Arrthur Danin Adler | Scene4 Magazine | www.scene4.com

Arthur Danin Adler

Synopsis of a film currently halted in post-production.

Paul Richter is a quiet man, a loner with few friends. Over a period of time, he engages a casual friendship in a bar with Alec Zorn. The complete opposite of Paul, Alec is wealthy, charismatic, and manipulative. They have few things in common including an eerie resemblance to each other. One night, Alec brings Paul to his home – a luxurious setting filled with expensive décor and art. Feasting on champagne and exotic imagery, they indulge themselves in a party of games and role playing that changes quickly from fun to sinister confrontation. The conflict explodes in a fatal accident: Alec is killed. Believing that he murdered Alec, driven by panic and a strange sense of inner will, Paul recklessly disposes of the body and attempts to assume the identity of the other man.

Aided by his bizarre physical similarity to Alec, and Alec's obsession with recording every detail of his life in a video journal, Paul is able to carry the deception. His plan is to slowly alter the appearance of Alec's life until he can effectively discard the ruse. But the plan traps him. As he journeys through the day-to-day existence of his new persona, Paul uncovers an intricate web of relationships that Alec controls like a master puppeteer with threads that reach into the highest levels of business and government, and connect with a strange, disparate assortment of people. He discovers that this complex "game" serves only one purpose: Alec's pleasure. Like a spider, Alec lures and traps his victims, and then dissolves their lives.

In absorbing so much of the other man's life, Paul begins to realize that Alec's mind and personality have invaded his own. Day by day, he watches his identity fade. Day by day, he struggles to keep the power of the other personality from surging over him. Unable to hear his own voice, losing hold of his own memories, he frantically searches Alec's past to find a clue, a key that will lock away the "secret sharer" inside of him. He finds her – a woman, so emotionally maimed by Alec that she retreated into a sightless, soundless world. She represents the only instance of regret and guilt that Alec ever recorded.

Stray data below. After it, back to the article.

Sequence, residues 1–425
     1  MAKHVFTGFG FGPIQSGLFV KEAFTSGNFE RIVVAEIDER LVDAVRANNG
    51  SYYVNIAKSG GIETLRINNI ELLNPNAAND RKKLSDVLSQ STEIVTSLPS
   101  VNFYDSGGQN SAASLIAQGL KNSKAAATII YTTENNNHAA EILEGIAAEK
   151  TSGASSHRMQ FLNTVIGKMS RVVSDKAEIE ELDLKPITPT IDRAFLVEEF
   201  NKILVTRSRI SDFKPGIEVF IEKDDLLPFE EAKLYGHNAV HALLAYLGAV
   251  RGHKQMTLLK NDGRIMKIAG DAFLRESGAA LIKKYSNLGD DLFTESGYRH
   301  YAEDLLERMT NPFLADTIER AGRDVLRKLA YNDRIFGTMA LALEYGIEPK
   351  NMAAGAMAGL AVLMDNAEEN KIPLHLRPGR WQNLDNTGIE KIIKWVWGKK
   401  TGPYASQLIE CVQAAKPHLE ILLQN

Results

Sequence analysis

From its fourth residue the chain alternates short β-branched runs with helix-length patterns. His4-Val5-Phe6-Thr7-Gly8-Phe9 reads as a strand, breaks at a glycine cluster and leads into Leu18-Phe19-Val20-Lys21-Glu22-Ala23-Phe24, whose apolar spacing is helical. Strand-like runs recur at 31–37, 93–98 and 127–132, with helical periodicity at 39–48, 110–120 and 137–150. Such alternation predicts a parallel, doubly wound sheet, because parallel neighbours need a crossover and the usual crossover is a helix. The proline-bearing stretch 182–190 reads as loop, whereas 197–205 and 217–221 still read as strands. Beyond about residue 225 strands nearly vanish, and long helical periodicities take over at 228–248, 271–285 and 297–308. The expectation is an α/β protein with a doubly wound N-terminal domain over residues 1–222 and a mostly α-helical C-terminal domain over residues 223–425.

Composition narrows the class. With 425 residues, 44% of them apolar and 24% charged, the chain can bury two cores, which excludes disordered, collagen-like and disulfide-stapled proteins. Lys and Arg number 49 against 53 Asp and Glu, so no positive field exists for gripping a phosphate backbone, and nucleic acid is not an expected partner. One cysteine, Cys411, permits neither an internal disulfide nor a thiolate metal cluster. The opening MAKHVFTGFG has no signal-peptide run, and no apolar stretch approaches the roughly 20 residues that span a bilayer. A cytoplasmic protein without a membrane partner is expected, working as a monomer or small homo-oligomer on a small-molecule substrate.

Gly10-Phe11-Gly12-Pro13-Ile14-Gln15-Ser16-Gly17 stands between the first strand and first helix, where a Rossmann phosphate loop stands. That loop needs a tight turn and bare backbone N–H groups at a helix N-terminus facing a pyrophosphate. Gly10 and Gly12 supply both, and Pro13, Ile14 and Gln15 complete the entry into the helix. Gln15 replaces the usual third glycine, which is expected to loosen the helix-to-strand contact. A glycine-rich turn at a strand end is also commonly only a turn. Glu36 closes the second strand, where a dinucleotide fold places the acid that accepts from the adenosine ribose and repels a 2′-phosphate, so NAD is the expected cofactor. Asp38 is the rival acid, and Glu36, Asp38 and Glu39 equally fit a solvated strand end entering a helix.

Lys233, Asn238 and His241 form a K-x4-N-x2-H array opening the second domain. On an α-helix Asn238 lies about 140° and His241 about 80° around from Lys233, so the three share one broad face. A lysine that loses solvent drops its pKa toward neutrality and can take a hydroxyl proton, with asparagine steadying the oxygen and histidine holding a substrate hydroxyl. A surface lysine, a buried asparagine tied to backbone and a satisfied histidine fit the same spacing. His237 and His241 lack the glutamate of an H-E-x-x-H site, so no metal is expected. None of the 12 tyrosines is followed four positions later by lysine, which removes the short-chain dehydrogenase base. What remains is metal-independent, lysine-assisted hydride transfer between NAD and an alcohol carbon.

Facing what he believes is his last shred of survival, Paul staves off the onslaught of Alec's persona and desperately tries to reach through the woman's psychic wounds, to bring her back to a world she can see and hear. Their painful voyage together, her revival, and finally her rejection of him consummate a sliver of hope for his escape and personal freedom.


Part of the screenplay source

In San Francisco, we didn't drive far. His house was up the hill on the edge of one of the few remaining industrial areas in the city. Actually it was a building, an old tool and die plant which he had completely rebuilt. The top floor, the loft, was his house. I felt good that night; a few drinks, an uneventful day, and now an adventure: to enter the citadel (always  military references, his flavor!), to step into the sanctum where he held court and dallied with so many people. Thick summer fog nestled on the city, but this hill poked through, a vista over the billowy gray blanket, glowing with orange streetlights and banded by the studded bridges. It was reassuring and quite beautiful. I felt good. So did Alec. He loved the taste of spontaneity in other people even though he planned his events, as he had designed this one; so casual as he ushered me into the building, at ease with himself, secretly excited at the entrée of a cultivated believer, someone who admired him and at the same time feared his finger-tipped sense of power and his unpredictability.